Try to figure out these two nursery rhymes in loftier language, now that you've got the hang of these.

Scintillate, scintillate, asteroid minific.
Fain do I fathom your nature specific
Exaltedly set on the aether capacious
A reasonable facsimile of a gem carbonaceous.

Scintillate, scintillate, asteroid minific.
Fain do I fathom your nature specific.

A research team proceeded towards the apex of a natural geologic protuberance, the purpose of their expedition being the procurement of a sample of fluid hydride of oxygen in a large vessel, the exact size of which was unspecified. One member of the team precipitously descended, sustaining severe damage to the upper cranial portion of his anatomical structure; subsequently the second member of the team performed a self rotational translation oriented in the same direction taken by the first team member.


The answers:

First, the two by the the Gilbreths:

Too many cooks spoil the broth.

Don't count your chickens before they're hatched.

Now my list:

1. Birds of the feather flock together.

2. Beggars can't be choosers.

3. Look before you leap.

4. The early bird gets the worm.

5. Don't cry over spilt milk.

6. Cleanliness is next to godliness.

7. The pen is mightier than the sword.

8. You can't teach an old dog new tricks.

9. Spare the rod and spoil the child.

10. A watched pot never boils.

11. All that glitters is not gold.

12. Where there is smoke, there is fire.

13. Too many cooks spoil the broth.

14. Charity begins at home.

15. Dead men tell no tales.

16. People who live in glass houses should not throw stones.

17. Beginner's luck.

18. All work and no play makes Jack a very dull boy.

19. Sticks and stones may break my bones, but words will never hurt me.

20. A rolling stone gathers no moss.

21. A stitch in time saves nine.

22. Nothing ventured, nothing gained.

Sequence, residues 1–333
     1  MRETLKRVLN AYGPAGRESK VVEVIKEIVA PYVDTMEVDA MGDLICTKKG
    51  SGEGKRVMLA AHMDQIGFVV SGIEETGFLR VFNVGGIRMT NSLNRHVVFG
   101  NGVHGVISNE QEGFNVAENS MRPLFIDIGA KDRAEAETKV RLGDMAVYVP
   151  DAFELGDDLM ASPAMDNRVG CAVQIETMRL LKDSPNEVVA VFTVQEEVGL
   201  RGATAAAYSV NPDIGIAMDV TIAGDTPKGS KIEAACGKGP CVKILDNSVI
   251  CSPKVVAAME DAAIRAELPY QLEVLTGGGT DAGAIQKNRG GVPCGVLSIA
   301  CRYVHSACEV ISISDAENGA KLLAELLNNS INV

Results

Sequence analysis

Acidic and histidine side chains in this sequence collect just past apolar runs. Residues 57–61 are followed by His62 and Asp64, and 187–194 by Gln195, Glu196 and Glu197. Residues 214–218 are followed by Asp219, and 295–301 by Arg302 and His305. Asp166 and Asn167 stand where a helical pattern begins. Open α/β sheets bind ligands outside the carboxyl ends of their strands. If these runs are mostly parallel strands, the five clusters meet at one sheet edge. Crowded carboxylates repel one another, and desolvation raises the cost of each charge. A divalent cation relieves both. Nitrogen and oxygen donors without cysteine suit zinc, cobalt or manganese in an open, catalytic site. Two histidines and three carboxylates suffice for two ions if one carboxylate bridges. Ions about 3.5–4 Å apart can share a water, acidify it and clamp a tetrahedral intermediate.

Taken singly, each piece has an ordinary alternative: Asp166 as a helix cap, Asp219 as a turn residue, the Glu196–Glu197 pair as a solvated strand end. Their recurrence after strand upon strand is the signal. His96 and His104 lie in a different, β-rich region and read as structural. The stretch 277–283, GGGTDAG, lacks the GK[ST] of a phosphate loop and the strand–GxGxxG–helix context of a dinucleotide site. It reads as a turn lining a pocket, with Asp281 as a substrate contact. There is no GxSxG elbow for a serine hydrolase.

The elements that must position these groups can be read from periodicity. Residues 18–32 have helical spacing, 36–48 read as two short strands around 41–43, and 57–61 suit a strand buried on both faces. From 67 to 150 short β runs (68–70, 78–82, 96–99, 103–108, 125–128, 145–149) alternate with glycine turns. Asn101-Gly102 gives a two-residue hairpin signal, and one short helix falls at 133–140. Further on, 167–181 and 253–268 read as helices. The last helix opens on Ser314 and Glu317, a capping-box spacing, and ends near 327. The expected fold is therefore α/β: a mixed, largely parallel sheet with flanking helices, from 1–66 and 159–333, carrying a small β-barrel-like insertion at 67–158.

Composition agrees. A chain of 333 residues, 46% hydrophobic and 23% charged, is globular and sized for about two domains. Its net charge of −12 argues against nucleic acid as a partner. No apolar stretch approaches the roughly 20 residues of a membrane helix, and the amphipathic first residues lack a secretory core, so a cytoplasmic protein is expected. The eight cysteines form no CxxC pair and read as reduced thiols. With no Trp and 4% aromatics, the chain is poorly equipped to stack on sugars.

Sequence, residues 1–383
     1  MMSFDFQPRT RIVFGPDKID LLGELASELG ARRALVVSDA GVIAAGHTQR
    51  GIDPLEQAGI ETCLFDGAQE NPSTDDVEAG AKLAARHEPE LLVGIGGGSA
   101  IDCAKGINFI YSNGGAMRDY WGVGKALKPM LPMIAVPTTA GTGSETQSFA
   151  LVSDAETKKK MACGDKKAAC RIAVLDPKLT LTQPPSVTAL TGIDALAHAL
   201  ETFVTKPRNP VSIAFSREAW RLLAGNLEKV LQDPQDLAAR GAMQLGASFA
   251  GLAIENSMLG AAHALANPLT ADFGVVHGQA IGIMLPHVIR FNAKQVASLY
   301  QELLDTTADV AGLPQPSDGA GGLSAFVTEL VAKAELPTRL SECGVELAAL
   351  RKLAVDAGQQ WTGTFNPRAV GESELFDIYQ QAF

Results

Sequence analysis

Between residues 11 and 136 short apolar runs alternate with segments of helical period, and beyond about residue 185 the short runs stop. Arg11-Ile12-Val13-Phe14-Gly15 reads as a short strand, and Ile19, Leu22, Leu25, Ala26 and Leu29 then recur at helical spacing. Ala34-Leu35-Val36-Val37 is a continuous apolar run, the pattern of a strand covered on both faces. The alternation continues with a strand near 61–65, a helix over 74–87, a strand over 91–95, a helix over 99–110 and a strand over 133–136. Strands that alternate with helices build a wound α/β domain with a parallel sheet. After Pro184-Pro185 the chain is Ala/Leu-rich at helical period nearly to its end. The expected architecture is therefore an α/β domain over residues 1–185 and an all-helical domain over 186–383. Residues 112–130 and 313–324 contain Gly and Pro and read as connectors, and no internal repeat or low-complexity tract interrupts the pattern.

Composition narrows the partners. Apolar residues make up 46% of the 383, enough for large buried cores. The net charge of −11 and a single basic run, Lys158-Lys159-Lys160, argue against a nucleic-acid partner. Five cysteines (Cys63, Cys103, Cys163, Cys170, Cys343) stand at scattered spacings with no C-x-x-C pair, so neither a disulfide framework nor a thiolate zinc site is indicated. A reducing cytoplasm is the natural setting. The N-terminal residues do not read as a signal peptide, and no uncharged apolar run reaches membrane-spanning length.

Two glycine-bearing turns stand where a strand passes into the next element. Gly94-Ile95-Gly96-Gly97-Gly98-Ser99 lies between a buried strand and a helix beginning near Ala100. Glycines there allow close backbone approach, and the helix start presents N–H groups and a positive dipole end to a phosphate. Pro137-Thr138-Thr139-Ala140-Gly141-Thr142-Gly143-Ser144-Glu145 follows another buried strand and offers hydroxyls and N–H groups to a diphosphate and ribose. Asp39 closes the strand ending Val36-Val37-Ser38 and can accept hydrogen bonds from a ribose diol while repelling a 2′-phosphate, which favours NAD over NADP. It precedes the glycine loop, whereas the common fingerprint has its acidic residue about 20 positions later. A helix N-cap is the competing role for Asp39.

23. Fools rush in where angels fear to tread.

24. He who laughs last laughs best.

Finally the first line of each of the nursery rhymes:

Twinkle, Twinkle Little Star...

Jack and Jill Went up the Hill...


I hope you've picked up a few new words you can add to your active vocabulary. How many did you get right?


"If you're paying attention, you'll see that the story of your life is the story of God's faithfulness." — Drew Conley

=^..^= =^..^=

Wouldn't it be smarter to label "top secret" documents something less conspicuous, like "trivial information which would only bore you to tears"?

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9 Comments on “Increase Your Word Power”

  1. #1 Ben
    on Oct 21st, 2010 at 7:22 am

    of similar ilk:

    Convey, Convey, Convey your conveyance,
    Placidly down the liquid solution.
    Ecstatically Ecstatically Ecstatically Ecstatically
    Existence is but an illusion.

    Row, Row, Row your Boat

    Rob adds: Good one, Ben! Thanks for adding your comment.

  2. #2 Vikki
    on Oct 21st, 2010 at 7:44 am

    I figured out almost half on the first reading. Some were pretty good; however, I think I’ll stick with common English for now.

    Rob adds: Good job, Vikki! I didn’t write those, but I did do a lot of cleaning up of misspelled or downright wrong words in them. And I’m with you, with use a big word when a diminutive one will suffice.